Pregnancy outcomes following diagnosis and treatment of adolescent and young adult cancer
|dc.identifier.citation||Haggar, F. and Preen, D. and Pereira, G. and Holman, D. and Einarsdottir, K. 2014. Pregnancy outcomes following diagnosis and treatment of adolescent and young adult cancer. Asia-Pacific Journal of Clinical Oncology. 10 (S9): pp. 13-14.|
Background: Improvements in cancer therapy have led to an expanding population of adolescent and young adult (AYA) cancer survivors. In contrast to childhood survivors, there is a still lack of data concerning reproductive outcomes among AYA survivors. Aim: To investigate obstetric and perinatal outcomes among female survivors of AYA cancers and their offspring. Methods: Using multivariate analysis of statewide linked data, outcomes of all first completed pregnancies (n = 1894) in female survivors of AYA cancer diagnosed in Western Australia during the period 1982–2007 were compared with those among females with no cancer history. Comparison pregnancies were matched by maternal age-group, parity and year of delivery. Results: Compared with the non-cancer group, survivors of AYA cancer had an increased risk of threatened abortion (adjusted relative risk 2.09, 95% confidence interval 1.51–2.74), gestational diabetes (2.65, 2.08–3.57), pre-eclampsia (1.32, 1.04–1.87), post-partum hemorrhage (2.83, 1.92–4.67), cesarean delivery (2.62, 2.22–3.04), and maternal postpartum hospitalization >5 days (3.01, 1.72–5.58), but no excess risk of threatened preterm delivery, antepartum hemorrhage, premature rupture of membranes, failure of labor to progress or retained placenta. Their offspring had an increased risk of premature birth (<37 weeks: 1.68, 1.21–2.08), low birth weight (<2500 g: 1.51, 1.23–2.12), fetal growth restriction (3.27, 2.45–4.56), and neonatal distress indicated by low Apgar score (<7) at 1 minute (2.83, 2.28–3.56), need for resuscitation (1.66, 1.27–2.19) or special care nursery admission (1.44, 1.13–1.78). Congenital abnormalities and perinatal deaths (intrauterine or ≤7 days of birth) were not increased among offspring. Conclusions: Survivors of AYA cancer have moderate excess risks of adverse obstetric and perinatal outcomes arising from subsequent pregnancies that may require additional surveillance or intervention.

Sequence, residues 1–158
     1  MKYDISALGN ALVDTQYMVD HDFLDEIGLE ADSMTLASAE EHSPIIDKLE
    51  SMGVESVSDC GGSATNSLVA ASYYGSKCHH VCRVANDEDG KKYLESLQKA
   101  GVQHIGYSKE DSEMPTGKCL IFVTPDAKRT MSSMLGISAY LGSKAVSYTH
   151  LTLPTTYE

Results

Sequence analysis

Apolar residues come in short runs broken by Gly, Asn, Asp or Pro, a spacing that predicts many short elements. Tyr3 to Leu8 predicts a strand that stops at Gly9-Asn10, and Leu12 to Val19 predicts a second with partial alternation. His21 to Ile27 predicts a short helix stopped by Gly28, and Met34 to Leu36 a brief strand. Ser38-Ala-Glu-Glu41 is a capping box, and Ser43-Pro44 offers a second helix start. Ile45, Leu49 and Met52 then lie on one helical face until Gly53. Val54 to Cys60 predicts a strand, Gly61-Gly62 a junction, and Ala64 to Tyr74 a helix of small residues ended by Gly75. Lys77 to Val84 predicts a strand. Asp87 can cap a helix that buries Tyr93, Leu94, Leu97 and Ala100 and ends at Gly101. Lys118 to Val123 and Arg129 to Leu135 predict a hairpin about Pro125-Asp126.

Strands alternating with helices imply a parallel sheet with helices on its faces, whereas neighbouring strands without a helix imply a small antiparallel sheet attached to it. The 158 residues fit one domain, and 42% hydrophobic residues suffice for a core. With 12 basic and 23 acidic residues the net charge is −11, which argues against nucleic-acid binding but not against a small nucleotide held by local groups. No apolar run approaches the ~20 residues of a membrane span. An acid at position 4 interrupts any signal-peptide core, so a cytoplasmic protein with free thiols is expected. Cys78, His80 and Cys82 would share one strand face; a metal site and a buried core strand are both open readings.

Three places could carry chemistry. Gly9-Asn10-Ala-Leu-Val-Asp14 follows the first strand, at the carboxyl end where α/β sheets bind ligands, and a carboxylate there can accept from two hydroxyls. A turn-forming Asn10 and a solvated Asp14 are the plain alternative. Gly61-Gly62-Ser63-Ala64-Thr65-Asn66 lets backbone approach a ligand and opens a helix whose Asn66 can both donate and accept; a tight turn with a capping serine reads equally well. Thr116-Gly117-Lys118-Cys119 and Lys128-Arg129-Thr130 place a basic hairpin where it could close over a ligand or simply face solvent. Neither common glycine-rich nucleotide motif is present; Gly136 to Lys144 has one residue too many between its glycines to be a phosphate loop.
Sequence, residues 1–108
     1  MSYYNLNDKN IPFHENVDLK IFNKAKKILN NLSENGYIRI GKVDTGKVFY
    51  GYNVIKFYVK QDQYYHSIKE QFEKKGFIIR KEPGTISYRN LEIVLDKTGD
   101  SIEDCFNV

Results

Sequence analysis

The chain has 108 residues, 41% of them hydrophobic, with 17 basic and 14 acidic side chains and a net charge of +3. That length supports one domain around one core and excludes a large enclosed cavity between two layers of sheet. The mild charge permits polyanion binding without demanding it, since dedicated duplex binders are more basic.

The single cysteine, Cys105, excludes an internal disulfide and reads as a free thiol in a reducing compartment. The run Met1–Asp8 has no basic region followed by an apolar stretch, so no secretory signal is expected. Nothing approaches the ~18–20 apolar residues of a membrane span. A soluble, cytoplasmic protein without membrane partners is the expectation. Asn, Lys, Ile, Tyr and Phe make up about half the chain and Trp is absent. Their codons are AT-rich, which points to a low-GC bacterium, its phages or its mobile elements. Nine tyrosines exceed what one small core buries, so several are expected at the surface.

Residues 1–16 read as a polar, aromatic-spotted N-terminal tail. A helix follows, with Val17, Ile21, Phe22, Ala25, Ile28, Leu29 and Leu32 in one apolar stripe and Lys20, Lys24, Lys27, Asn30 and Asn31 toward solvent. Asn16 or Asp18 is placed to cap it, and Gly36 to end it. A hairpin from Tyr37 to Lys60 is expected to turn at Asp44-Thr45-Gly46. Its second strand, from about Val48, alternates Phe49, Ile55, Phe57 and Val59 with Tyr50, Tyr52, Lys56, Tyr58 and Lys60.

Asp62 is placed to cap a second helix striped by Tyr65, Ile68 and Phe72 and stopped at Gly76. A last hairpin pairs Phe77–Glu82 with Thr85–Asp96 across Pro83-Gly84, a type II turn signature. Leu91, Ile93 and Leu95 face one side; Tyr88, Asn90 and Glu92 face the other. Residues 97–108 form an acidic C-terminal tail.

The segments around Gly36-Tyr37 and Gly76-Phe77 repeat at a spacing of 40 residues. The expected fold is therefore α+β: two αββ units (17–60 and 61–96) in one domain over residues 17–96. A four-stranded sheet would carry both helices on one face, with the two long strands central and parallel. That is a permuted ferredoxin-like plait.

|dc.title||Pregnancy outcomes following diagnosis and treatment of adolescent and young adult cancer|
|dcterms.source.title||ASIA-PACIFIC JOURNAL OF CLINICAL ONCOLOGY|
2014 World Cancer Congress Abstracts, 3–6 December 2014, Melbourne, Australia
|curtin.accessStatus||Fulltext not available|
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